“Some day these formula[s] may prove to be of great value.”

This post is one in a series featuring items on display in the Rakow Library’s current exhibition, Selections from the Rakow Libraryon display March 19, 2015 – May 17, 2015.

Portrait of Leslie H. Nash, Arthur J. Nash and Leslie H. Nash Collection on Tiffany Studios (CMGL 81245)

Portrait of Leslie H. Nash,
Arthur J. Nash and Leslie
H. Nash Collection on Tiffany
Studios (CMGL 81245)

One of my favorite items in Selections from the Rakow Library, Leslie Nash’s notebook, has a story full of artistry, secrecy, and human drama. Leslie Nash was a glassmaker who worked for Louis Comfort Tiffany during the first decades of the 20th century. His father, Arthur, was also a Tiffany employee, and is perhaps best known for creating Tiffany’s famed favrile (or iridescent) glass. Arthur kept his recipe a secret – supposedly even from Tiffany – only sharing it with Leslie in 1909, a year after Leslie had taken over the direction of the blown glass department from his father.

Leslie records the event in his notebook: “my Dad called me into his office – locked the door and said – Leslie I’m going to tell you a secret that no living person knows except your brother Douglas.” Leslie goes on to describe Arthur’s experiments and his own modifications of the formula for what he called lustre glass. Of his own work on the recipe, he writes, “Strange as it maybe [sic], I personally had to be present during the making of lustre glass – and outside of my father no living person has ever had one bit of information on the work I performed for him.” While Tiffany appreciated, and certainly benefitted from the Nash family’s work, Leslie records, “[Tiffany] never gave me credit for my inventions – it always was Tiffany glass Ha Ha – but my Dad will come into his own some day for the years of research he did on the invention of irridescent [sic] glass.”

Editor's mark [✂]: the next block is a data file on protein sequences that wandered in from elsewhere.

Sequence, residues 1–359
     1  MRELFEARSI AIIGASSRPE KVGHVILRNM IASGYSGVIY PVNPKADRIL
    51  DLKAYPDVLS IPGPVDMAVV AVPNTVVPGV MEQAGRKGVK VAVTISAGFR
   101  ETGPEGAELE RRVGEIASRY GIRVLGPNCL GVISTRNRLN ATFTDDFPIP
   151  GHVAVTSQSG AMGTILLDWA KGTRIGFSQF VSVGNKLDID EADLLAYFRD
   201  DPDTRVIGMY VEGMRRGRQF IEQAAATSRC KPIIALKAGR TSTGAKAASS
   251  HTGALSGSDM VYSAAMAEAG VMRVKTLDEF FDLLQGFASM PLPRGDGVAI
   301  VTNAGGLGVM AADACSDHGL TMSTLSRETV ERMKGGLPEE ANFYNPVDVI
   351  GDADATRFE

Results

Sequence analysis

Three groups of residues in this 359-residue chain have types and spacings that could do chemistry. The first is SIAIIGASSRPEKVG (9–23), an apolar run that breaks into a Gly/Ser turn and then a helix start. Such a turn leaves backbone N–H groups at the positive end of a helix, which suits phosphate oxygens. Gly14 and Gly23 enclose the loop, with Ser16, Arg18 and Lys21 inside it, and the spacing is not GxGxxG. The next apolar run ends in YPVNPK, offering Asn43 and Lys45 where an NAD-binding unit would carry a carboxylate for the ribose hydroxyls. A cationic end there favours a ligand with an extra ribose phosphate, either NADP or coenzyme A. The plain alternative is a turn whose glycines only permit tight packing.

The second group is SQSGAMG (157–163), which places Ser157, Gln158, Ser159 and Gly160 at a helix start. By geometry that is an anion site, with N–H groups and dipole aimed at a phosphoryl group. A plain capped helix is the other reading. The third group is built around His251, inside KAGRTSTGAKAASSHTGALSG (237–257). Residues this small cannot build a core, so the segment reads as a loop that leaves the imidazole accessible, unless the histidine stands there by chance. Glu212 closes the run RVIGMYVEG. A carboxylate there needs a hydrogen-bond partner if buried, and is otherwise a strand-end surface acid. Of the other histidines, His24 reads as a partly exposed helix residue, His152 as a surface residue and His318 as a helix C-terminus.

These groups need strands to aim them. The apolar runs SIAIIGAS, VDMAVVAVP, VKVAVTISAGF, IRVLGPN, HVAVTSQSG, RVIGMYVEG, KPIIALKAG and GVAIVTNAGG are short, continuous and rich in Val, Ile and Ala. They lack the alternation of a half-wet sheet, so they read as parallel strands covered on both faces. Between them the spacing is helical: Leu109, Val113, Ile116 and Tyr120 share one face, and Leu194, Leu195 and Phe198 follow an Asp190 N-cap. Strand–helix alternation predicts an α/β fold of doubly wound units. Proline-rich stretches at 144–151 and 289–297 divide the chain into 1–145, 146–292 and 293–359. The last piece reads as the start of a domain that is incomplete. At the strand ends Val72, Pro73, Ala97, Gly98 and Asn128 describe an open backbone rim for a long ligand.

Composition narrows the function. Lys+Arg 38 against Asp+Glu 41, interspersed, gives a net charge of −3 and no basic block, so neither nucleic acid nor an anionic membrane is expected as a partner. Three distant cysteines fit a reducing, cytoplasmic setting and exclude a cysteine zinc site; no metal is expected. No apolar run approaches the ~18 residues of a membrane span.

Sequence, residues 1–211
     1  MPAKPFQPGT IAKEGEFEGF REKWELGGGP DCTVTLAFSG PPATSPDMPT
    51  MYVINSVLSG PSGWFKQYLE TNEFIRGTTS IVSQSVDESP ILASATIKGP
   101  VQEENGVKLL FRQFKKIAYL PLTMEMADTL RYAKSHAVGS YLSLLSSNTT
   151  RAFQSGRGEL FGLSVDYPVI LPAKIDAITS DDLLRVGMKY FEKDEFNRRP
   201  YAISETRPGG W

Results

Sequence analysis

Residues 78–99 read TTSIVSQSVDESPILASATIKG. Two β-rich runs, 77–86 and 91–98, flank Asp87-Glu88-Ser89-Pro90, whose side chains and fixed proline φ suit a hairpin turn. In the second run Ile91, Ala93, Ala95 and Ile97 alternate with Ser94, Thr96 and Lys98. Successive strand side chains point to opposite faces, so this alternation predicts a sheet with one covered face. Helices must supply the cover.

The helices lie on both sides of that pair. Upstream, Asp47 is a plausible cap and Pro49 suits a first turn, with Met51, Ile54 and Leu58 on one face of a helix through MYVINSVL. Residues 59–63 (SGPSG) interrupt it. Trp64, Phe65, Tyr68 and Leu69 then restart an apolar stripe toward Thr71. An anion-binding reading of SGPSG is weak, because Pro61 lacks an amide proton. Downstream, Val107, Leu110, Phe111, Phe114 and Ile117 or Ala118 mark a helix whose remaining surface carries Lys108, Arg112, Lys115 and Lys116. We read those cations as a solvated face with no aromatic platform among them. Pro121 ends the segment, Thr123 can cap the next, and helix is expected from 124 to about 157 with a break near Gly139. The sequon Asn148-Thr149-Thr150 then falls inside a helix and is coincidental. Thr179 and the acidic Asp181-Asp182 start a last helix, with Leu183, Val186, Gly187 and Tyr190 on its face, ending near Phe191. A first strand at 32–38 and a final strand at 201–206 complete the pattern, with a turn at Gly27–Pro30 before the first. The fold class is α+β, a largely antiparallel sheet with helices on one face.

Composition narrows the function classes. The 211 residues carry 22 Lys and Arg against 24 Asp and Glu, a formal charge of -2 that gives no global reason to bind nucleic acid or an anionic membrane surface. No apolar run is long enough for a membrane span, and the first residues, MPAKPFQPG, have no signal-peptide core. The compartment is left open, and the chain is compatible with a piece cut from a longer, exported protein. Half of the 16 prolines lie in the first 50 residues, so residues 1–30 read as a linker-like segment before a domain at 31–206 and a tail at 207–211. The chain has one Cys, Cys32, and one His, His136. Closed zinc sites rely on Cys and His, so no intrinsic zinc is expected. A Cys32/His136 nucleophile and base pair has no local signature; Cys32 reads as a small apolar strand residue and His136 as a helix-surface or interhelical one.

Leslie left this notebook and others to his descendants, warning them to keep them safe as “Some day these formula[s] may prove to be of great value.” Nash’s notebook is full of experiments, sketches, recipes, and notes revealing his relationship with his father, brother, and Tiffany. The pages are covered in pencil and ink, and some even bear traces of what may be paint. The book was probably started by Arthur, possibly as far back as 1894. Leslie kept the notebook in the family and wrote in it as late as 1947, noting the availability of #37 (uranium) due to atom bombs. The notebook was passed down through the family, along with the rest of Arthur and Leslie’s papers, until it was acquired through a 2004 auction by the Rakow Library.

Nash notebooks, Arthur J. Nash and Leslie H. Nash Collection on Tiffany Studios (CMGL 81245)

Nash notebooks, Arthur J. Nash and Leslie H. Nash Collection on Tiffany Studios (CMGL 81245)

Read more about the Nashs, Tiffany, and favrile glass.

Come explore the Selections from the Rakow Library exhibition at the Rakow Library and see what stories you can discover in our collections.


The Rakow Research Library is open to the public 9am to 5pm every day. We encourage everyone to explore our collections in person or online. If you have questions or need help with your research, please use our Ask a Glass Question service.

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